The chances that legal challenges or even a recount in Pennsylvania could change the results of the Presidential election are 'minimal,' said one legal expert.
"Even if some of this litigation is successful, I don't expect the result of the Presidential election will change," said Michael Dimino, law professor at Widener University Commonwealth Law School.
Dimino acknowledged some legal challenges have already proven successful for President Trump. However, even with a win in Pennsylvania, Trump currently does not have enough electoral votes to reach 270.
"Some of the concerns about the way that votes were counted, the limited access that poll watchers had over the vote counting process, courts have decided already in favor of the President," said Dimino. But he added, "I think the likelihood that any of those challenges will not only be successful but will result in flipping enough votes so as to change the results in Pennsylvania and at least one other state is minimal."
Dimino said all votes also need to be counted before anyone can challenge the results and ask for a recount.
"If the vote is within one half of 1% the recount is automatic," he said.
Until the final results, he said there's nothing a candidate can do except what President Trump's legal teams are doing now which includes pursuing other litigation.
One challenge lies over the deadline to receive mail-in ballots. Prior to the election, the Pennsylvania Supreme Court decided mail-in ballots postmarked on the day of the election could count as long as those ballots arrived by the 6th. Republicans challenged that decision in the US Supreme Court by arguing that the ballot deadline should be decided by the legislature. However, the US Supreme Court did not strike down the policy even though it kept the door open to revisit it in the future.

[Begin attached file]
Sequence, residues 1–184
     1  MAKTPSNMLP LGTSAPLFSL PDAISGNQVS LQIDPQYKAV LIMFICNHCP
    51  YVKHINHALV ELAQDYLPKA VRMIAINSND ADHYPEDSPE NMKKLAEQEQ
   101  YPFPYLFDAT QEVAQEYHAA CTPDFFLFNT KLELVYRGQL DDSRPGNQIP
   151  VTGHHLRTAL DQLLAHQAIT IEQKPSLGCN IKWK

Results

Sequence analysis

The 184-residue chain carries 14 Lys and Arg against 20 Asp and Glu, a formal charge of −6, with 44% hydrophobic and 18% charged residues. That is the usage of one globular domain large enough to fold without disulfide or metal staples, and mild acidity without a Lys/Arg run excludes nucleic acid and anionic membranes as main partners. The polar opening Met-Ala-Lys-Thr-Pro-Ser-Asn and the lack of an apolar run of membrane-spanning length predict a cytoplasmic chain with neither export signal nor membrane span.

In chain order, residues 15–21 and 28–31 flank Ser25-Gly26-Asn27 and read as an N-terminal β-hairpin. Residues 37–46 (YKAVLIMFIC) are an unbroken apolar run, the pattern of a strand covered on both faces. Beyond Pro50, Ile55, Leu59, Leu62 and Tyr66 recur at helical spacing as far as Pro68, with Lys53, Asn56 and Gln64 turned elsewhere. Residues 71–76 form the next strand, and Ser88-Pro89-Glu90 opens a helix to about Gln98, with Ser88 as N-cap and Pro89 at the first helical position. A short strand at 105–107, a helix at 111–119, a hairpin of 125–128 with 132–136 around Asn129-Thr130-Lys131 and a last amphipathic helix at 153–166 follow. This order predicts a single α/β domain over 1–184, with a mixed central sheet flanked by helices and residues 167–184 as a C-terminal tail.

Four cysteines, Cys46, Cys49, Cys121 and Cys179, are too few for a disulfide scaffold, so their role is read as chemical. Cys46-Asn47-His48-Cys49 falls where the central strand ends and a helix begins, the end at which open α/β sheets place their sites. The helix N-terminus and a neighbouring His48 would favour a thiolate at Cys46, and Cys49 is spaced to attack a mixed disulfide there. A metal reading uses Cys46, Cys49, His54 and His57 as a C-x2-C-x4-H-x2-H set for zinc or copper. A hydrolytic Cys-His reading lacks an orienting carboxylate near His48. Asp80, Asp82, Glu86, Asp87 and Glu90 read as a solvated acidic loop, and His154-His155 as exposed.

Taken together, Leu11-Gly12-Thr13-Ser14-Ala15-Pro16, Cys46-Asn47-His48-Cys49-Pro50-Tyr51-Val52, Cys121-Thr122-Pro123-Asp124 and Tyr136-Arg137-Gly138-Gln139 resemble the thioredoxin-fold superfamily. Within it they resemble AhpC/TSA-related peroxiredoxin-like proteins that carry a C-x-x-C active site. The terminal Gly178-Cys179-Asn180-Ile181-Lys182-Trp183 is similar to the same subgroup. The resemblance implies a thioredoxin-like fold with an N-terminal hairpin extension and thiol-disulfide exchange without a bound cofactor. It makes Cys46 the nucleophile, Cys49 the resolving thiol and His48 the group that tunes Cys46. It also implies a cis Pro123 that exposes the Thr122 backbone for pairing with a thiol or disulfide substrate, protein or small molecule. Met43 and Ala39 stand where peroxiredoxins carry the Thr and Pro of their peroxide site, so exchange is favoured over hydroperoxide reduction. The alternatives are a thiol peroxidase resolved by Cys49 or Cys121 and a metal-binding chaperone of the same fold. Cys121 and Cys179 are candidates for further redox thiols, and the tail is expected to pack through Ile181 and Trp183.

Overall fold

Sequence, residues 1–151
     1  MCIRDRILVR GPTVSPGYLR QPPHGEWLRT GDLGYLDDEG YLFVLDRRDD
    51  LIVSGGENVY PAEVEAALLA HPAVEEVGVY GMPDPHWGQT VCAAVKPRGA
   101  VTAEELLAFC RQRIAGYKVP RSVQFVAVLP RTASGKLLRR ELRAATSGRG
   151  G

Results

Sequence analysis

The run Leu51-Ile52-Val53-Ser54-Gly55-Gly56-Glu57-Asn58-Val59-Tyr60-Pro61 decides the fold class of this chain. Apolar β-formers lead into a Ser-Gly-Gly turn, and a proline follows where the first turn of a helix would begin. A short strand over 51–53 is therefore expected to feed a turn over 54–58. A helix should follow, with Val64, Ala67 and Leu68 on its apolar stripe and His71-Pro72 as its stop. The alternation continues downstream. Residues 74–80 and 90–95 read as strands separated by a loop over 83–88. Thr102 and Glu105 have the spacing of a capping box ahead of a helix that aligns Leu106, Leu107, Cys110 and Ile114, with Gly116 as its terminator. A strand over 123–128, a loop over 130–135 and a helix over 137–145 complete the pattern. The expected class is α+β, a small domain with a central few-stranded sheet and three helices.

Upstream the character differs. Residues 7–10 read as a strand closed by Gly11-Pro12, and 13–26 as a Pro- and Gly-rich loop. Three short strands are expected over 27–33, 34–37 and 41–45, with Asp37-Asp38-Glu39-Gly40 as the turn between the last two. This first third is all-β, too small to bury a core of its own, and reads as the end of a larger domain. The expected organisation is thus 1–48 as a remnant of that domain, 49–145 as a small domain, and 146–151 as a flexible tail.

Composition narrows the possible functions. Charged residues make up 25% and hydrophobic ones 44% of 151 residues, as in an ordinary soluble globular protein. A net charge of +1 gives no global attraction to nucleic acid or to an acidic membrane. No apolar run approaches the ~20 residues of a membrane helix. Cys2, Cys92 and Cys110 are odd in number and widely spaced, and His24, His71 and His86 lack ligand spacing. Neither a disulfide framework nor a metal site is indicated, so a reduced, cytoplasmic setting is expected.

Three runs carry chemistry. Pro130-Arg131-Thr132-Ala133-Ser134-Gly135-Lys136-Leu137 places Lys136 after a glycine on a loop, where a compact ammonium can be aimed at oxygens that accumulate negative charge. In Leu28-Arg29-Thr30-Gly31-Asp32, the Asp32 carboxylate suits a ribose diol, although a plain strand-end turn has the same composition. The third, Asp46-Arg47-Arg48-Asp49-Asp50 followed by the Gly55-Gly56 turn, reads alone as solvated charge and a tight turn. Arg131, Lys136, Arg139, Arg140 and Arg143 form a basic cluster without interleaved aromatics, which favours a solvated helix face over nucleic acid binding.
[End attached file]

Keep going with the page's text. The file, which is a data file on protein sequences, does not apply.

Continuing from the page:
"I think that remedy question is really the toughest thing republicans will have to deal with," said Dimino, as he noted voters who postmarked their ballots by November 3rd and had them delivered before the 6th were following guidance from the PA Supreme Court.
"To discard ballots that were received in reliance on the Pennsylvania Supreme Court's order would be very intrusive into the election process and would be perceived, rightly or wrongly, as disenfranchising however many voters fall into that category," he said.
Electors are scheduled to meet in December and the inauguration is set for January 20. He said voters, meantime, can likely expect quick decisions from the courts.
"Courts very often fast-track election cases because everybody realizes the importance of having these issues resolved as soon as possible," he said.